Do you remember Johanna Tagada who did a creative image feature for us? I like how fluffy the texture of everything looks under her lens as if life is so tender and lovable. Johanna is not only a painter and a sculptor, but she also runs a small scale publishing house Poetic Pastel Press, while at the same time collaborating with artists she admires for homeware production. I soon realized that no matter what medium she uses, they all ended up exuding the same feeling. This just happened organically rather than as a planned result. Johanna is currently residing in the UK together with her husband Jatinder Singh Durhailay who is a composer, musician, and a painter. The husband and wife are also the best partners to each other’s creative career. In the magazines and journals Johanna publishes under Poetic Pastel Press, readers can at time find content that is created and composed by Jatinder such at Tea Notes a cassette complementing Journal du Thé; this is among other how the two’s practices complement one another.
Last year marked the first time they lived outside of Europe. The two of them moved to Tamil Nadu in India for four months and spent the majority of their time in Auroville, an experimental township founded in 1968. In the inauguration ceremony, around 5000 representatives from 124 countries gathered and poured a cup of earth from their area into a big jar, representing the unity of all human races. This action also echoes with the township’s vision saying “Auroville belongs to nobody in particular. Auroville belongs to humanity as a whole.” Afterward, 3 million trees were planted that turned the once deserted land into a vibrant forest. People see Auroville the future of human civilization, to many spiritualists and environmentalist, this township is a utopia that they believe in. Auroville currently has almost 3000 residents of 54 nationalities.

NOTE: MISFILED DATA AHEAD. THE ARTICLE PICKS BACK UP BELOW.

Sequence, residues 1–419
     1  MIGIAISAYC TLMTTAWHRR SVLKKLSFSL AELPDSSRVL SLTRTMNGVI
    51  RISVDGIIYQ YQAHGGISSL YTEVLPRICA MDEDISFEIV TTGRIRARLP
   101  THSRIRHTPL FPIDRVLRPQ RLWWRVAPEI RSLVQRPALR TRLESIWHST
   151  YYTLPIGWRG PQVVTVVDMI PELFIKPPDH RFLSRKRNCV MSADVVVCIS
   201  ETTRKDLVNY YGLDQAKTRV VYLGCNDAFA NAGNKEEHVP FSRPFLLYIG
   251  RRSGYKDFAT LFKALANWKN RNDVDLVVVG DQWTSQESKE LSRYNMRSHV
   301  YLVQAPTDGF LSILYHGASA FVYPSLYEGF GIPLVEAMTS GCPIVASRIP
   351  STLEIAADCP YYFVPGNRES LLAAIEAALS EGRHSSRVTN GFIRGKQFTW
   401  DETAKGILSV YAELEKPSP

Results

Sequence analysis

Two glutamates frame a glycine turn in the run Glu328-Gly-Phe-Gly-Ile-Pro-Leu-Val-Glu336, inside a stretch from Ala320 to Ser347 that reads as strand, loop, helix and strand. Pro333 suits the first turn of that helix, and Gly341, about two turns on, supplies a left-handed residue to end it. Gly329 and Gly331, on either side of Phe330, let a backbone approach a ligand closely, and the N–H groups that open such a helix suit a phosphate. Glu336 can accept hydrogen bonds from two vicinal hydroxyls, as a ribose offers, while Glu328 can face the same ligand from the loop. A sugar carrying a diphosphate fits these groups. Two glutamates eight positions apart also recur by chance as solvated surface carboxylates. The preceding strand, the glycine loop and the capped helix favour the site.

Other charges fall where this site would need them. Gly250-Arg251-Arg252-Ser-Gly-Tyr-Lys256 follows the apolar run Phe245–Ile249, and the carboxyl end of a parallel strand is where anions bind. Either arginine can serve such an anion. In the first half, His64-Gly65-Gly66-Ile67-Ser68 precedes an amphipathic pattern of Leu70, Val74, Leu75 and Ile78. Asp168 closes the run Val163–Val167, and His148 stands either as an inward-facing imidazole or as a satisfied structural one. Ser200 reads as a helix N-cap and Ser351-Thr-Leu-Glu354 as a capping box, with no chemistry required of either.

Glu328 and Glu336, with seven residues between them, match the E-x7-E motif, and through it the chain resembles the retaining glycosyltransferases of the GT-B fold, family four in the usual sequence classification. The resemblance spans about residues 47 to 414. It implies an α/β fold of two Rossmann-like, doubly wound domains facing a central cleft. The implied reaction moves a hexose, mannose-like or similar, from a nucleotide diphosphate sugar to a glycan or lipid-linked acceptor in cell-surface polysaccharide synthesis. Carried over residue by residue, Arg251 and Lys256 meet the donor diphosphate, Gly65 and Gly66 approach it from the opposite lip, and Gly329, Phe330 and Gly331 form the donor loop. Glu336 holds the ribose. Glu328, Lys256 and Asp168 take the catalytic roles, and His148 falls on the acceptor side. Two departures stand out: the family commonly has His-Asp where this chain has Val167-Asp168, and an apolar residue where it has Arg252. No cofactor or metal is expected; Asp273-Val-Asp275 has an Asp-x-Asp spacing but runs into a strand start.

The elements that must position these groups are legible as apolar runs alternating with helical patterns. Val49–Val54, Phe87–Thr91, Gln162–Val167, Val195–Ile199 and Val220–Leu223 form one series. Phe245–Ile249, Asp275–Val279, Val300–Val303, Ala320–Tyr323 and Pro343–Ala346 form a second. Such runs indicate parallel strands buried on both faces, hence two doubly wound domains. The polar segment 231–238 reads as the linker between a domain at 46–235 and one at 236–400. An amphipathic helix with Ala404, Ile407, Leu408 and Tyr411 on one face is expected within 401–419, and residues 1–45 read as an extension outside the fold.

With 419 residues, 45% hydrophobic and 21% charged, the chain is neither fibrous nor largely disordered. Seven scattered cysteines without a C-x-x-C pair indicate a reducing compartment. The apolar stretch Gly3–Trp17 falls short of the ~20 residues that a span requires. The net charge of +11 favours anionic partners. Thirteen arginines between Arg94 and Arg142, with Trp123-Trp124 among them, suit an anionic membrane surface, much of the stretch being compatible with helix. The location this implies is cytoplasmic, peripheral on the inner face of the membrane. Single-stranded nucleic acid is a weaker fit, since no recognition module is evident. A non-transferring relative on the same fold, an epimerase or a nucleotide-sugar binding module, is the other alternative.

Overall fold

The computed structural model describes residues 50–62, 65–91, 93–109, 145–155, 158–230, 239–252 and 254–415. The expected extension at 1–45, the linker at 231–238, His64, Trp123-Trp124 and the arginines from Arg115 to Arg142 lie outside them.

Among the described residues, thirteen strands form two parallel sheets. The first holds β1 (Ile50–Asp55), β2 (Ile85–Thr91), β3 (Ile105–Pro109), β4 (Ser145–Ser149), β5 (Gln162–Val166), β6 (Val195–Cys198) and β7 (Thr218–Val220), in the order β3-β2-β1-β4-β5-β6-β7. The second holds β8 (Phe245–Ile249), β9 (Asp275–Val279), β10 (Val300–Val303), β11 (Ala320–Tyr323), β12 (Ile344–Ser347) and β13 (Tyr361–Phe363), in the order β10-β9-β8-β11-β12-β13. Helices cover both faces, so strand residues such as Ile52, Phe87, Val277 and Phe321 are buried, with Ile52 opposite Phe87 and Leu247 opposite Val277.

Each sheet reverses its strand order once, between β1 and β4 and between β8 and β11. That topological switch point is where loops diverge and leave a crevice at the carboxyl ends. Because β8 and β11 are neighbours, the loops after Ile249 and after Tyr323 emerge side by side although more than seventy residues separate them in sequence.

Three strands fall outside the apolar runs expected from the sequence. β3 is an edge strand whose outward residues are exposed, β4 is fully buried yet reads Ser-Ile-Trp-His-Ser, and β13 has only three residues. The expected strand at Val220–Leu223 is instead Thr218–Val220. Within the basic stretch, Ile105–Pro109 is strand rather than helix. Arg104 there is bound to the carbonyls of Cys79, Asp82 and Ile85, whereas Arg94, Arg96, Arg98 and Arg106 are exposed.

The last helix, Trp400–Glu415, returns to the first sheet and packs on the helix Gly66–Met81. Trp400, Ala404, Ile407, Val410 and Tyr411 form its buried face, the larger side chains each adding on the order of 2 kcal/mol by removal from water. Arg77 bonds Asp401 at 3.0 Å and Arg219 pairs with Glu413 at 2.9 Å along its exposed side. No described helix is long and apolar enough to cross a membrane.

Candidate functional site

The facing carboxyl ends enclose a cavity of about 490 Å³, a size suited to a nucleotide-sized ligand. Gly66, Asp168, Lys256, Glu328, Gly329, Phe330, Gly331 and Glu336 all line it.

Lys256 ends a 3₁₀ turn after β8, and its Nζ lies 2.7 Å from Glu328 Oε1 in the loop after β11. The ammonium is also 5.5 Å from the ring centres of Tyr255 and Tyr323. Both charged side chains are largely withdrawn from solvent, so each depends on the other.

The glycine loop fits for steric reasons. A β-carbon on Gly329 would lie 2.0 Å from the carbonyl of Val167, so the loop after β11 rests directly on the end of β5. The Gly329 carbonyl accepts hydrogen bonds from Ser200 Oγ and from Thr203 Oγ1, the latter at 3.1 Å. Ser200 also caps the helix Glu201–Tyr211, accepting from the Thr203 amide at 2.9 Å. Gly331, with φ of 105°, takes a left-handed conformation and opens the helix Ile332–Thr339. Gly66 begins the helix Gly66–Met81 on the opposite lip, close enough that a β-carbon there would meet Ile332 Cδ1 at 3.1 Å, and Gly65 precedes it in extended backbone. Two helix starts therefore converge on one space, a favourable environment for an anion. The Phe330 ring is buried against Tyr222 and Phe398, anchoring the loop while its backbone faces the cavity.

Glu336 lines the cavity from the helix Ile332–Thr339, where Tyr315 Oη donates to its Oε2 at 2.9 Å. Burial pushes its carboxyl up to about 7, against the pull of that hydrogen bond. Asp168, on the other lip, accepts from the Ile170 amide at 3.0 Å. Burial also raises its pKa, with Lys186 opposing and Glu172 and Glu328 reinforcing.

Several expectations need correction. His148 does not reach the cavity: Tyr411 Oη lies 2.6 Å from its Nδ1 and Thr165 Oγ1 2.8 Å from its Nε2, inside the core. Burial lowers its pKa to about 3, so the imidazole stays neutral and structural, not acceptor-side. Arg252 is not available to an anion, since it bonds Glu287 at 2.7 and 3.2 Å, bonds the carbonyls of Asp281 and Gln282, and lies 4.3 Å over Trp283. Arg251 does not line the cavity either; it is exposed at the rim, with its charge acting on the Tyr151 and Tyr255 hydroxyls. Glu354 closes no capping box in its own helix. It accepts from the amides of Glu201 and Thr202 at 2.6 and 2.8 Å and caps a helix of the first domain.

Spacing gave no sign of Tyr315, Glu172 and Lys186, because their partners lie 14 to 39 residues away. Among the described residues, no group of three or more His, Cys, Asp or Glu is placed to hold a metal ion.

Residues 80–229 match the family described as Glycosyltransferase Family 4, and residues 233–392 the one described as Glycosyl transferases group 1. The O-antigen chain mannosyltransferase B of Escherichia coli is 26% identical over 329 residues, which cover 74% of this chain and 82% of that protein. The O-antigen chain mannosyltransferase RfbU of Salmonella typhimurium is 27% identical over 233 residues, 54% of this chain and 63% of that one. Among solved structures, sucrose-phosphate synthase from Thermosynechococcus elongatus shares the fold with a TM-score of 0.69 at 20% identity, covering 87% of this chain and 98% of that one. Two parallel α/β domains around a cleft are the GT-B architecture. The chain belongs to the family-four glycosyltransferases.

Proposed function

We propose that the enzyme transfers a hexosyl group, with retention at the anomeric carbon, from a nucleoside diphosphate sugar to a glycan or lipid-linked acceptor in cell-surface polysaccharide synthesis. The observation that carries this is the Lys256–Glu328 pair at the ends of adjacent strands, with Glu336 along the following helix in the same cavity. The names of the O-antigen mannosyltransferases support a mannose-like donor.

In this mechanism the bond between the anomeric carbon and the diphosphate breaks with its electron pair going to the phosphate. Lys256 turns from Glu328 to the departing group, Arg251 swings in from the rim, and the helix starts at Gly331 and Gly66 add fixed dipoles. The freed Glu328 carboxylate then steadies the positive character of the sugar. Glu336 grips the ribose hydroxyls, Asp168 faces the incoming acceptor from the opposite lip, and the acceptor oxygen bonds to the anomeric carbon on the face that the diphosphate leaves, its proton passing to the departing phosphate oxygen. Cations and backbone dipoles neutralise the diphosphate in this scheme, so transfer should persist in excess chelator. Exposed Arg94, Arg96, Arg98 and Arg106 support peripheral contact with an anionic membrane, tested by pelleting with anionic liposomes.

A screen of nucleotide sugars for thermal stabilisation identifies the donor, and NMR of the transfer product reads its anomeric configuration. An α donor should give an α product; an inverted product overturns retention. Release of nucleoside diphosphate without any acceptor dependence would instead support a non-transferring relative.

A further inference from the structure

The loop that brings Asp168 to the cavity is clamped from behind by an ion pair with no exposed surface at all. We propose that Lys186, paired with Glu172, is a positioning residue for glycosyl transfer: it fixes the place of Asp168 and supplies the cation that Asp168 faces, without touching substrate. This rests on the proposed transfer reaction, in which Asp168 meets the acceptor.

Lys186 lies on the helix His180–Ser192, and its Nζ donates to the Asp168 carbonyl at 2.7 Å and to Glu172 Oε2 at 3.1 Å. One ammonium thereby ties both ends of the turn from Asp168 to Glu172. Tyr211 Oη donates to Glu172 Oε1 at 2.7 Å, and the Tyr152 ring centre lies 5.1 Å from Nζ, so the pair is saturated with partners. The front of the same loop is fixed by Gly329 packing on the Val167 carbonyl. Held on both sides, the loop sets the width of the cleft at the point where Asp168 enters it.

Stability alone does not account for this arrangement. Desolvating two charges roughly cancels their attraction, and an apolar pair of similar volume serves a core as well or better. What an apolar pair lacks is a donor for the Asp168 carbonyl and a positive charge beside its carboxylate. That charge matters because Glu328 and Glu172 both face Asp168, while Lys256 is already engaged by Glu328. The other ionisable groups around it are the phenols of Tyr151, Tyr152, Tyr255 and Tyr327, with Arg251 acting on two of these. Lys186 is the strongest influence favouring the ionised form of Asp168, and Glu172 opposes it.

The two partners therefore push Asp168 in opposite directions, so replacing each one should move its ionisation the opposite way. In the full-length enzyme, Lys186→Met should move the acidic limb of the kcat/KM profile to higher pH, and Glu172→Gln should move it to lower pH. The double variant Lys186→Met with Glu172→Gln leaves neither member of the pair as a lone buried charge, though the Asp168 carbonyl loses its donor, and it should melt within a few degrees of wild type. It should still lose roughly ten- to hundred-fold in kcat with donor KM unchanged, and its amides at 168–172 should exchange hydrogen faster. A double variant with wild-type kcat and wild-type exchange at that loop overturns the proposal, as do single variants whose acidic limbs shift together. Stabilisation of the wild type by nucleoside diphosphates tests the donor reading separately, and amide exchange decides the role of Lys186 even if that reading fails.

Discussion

The biggest change to Johanna’s and Jatinder’s daily life was the sunshine they got to enjoy every day. Compared to gloomy England, India is sunny on most days. “Our daily environment was filled with light, sun, nature, plants, birds, insects and animals. We have very tender recollection of this atypical ‘winter’.” Enjoying winter in a completely new way, not only was their daily life changed, but the ordinary and regular daily schedule also gave them a lot of creative inspirations. It was a life close to nature.
Jatinder, who has Indian heritage, taught himself Indian miniature paintings. This type of paintings uses only natural pigments created by shells, stones or soil; whereas each painter has their personal way of mixing the colors. The paper used for Indian miniature painting is a kind of handmade paper called wasli paper. Everything is very primitive, but primitive things get to be sustained because of people’s dedication. “There is nothing to distract us. During that period of time, we had a greater capacity to explore the questions of life. I would say it was an important experience for us as an individual, as well as a couple.”
Returning from their trip, Johanna and Jatinder put their experience into the publication India Yātrā. The publication is available online but low in stock.
孩子在聽Jatinder演奏。Children listening to Jatinder’s performance.